Packaged sweets, candies, syrups, and baked goods clearly weren’t around in the Paleolithic era–so they won’t be a part of your diet on Paleo, either. With very few exceptions, sweeteners are limited or eliminated altogether.
For more information about ingredients used on a Paleo diet, you can refer to our Common Ingredients page.
Health Benefits and Uses of the Paleo Diet
The Paleo diet is a relatively new trend, but a considerable amount of research has been conducted on its health benefits. For example, those who stick with the caveman diet may be able to expect weight loss as a result. A 2019 meta-analysis that looked at 24 studies found that people who followed a Paleolithic diet lost a significant amount of weight and reduced their waist circumference.
The evidence for Paleo’s effects on diabetes are somewhat mixed. A 2020 systematic review compared the Paleo diet to other healthy eating plans like the Mediterranean diet and diabetic diet for their impact on blood sugar and insulin levels. This review concluded that there was no major difference between Paleo and the other diets for diabetes management.
However, in another small study from 2009, when subjects ate a Paleo diet for three months, they lowered their hemoglobin A1C—an important measure of blood sugar control in diabetics. The same study showed that Paleo dieters also reduced their blood pressure and triglycerides.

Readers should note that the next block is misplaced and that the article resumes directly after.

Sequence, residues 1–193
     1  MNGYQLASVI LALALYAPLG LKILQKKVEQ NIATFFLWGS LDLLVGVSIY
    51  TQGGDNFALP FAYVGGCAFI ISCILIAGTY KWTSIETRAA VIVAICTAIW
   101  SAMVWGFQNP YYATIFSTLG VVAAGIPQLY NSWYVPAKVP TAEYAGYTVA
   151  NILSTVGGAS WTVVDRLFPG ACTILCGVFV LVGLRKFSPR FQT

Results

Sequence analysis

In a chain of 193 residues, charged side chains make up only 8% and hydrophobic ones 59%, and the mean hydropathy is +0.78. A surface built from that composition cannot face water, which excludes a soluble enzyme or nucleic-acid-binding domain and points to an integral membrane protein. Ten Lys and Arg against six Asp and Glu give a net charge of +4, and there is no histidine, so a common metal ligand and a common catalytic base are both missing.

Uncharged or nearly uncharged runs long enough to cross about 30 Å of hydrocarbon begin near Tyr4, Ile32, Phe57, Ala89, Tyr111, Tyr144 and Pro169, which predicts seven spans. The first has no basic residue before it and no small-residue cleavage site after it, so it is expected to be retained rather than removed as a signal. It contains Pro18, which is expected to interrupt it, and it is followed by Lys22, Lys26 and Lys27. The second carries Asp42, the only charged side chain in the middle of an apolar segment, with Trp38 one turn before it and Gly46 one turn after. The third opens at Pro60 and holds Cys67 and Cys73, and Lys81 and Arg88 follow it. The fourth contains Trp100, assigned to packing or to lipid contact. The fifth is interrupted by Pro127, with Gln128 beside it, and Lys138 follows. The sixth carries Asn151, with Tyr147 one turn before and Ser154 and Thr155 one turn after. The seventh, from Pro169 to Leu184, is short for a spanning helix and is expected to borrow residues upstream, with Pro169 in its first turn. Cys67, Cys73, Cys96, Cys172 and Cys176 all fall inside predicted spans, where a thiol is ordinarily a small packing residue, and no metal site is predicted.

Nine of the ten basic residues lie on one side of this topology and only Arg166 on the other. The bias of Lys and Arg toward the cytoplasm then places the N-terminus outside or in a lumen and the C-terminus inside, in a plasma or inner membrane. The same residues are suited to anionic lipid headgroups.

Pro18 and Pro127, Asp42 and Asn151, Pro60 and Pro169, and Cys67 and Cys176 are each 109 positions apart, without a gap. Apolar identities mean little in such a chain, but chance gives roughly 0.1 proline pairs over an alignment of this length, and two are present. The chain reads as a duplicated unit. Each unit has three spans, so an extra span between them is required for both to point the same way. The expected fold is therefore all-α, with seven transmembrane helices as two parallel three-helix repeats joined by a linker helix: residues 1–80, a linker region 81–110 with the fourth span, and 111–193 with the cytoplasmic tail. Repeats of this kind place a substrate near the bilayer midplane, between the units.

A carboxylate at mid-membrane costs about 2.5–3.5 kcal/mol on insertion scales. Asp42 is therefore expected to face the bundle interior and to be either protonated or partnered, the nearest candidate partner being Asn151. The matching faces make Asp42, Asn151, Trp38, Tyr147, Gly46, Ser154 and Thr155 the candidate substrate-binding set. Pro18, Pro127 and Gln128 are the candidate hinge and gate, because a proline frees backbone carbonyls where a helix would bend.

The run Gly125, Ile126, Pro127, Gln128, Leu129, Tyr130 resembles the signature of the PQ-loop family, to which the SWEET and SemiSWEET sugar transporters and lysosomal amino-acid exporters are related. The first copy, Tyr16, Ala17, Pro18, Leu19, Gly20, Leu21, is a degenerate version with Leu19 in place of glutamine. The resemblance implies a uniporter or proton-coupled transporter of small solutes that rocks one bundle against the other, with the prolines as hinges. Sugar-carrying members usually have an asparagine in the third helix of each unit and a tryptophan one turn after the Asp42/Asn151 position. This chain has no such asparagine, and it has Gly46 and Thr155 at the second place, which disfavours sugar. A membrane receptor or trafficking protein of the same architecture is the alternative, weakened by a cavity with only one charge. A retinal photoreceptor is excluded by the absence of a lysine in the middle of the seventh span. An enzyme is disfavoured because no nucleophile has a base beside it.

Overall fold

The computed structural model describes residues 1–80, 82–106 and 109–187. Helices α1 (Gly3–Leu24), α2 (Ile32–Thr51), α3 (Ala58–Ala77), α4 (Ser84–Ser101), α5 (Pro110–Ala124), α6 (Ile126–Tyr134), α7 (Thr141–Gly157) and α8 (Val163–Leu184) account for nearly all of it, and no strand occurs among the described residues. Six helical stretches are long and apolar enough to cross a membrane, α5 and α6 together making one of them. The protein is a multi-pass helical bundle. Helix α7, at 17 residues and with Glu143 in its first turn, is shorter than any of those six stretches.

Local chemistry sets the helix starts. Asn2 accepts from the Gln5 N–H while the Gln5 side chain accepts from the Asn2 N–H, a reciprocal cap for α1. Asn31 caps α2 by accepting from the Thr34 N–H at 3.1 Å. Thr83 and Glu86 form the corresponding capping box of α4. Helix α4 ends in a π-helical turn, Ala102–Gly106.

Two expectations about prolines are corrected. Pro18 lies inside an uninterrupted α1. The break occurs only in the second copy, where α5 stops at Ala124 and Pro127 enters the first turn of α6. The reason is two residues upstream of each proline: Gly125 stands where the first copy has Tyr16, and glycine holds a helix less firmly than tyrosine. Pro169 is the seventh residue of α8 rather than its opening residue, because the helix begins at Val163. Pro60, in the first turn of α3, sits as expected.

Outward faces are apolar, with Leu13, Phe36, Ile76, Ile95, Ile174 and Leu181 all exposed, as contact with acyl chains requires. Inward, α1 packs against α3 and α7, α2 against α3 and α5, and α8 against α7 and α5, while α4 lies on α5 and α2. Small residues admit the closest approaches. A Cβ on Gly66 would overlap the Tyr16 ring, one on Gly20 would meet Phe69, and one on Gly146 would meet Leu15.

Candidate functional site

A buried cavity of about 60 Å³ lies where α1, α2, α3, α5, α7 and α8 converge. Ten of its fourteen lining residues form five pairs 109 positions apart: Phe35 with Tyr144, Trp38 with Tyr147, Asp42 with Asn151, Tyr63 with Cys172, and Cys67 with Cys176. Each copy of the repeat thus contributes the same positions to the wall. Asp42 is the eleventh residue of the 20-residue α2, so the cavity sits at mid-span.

Many people follow a Paleo diet to improve symptoms of inflammation-driven autoimmune conditions like rheumatoid arthritis, thyroid disease, or lupus. Although the research on Paleo for these conditions is limited, replacing sugar and highly processed foods with whole, natural substitutes is a near-guarantee of improving inflammation levels.
With its emphasis on whole foods and minimal sugar, the Paleo diet could improve measures of diabetes, promote weight loss, and drive down inflammation. If you’ve decided you’d like to eat like a caveman, let The Un-Possible Kitchen’s products give you a head start!
- de Menezes EVA, Sampaio HAC, Carioca AAF, et al. Influence of Paleolithic diet on anthropometric markers in chronic diseases: systematic review and meta-analysis. Nutr J. 2019;18(1):41. Published 2019 Jul 23. doi:10.1186/s12937-019-0457-z
- Harvard Health Publishing. Foods That Fight Inflammation. August 29, 2020.
- Jamka M, Kulczyński B, Juruć A, Gramza-Michałowska A, Stokes CS, Walkowiak J. The Effect of the Paleolithic Diet vs. Healthy Diets on Glucose and Insulin Homeostasis: A Systematic Review and Meta-Analysis of Randomized Controlled Trials. J Clin Med. 2020;9(2):296. Published 2020 Jan 21. doi:10.3390/jcm9020296
- Klonoff DC. The beneficial effects of a Paleolithic diet on type 2 diabetes and other risk factors for cardiovascular disease. J Diabetes Sci Technol. 2009;3(6):1229-1232. Published 2009 Nov 1. doi:10.1177/193229680900300601
Sarah Garone, NDTR, is a nutritionist, freelance health and wellness writer, and food blogger.
She began her career as a college German instructor, but after taking a break to raise her three children, became fascinated with food and nutrition. She returned to school to earn a degree in nutrition and became a nutritionist licensed with the Academy of Nutrition and Dietetics. Along the way, she started her food and nutrition blog, A Love Letter to Food, where she shares (mostly!) healthy recipes and nutrition information.
As a freelance writer, Sarah writes for a variety of publications on health, wellness, lifestyle, parenting, and Catholic spirituality. She has contributed to outlets such as Healthline, Greatist, Verywell, Brit + Co, Today’s Parent, and the Washington Post. When she’s not writing (or cooking), she teaches a monthly kids’ cooking class called Toddler Test Kitchen.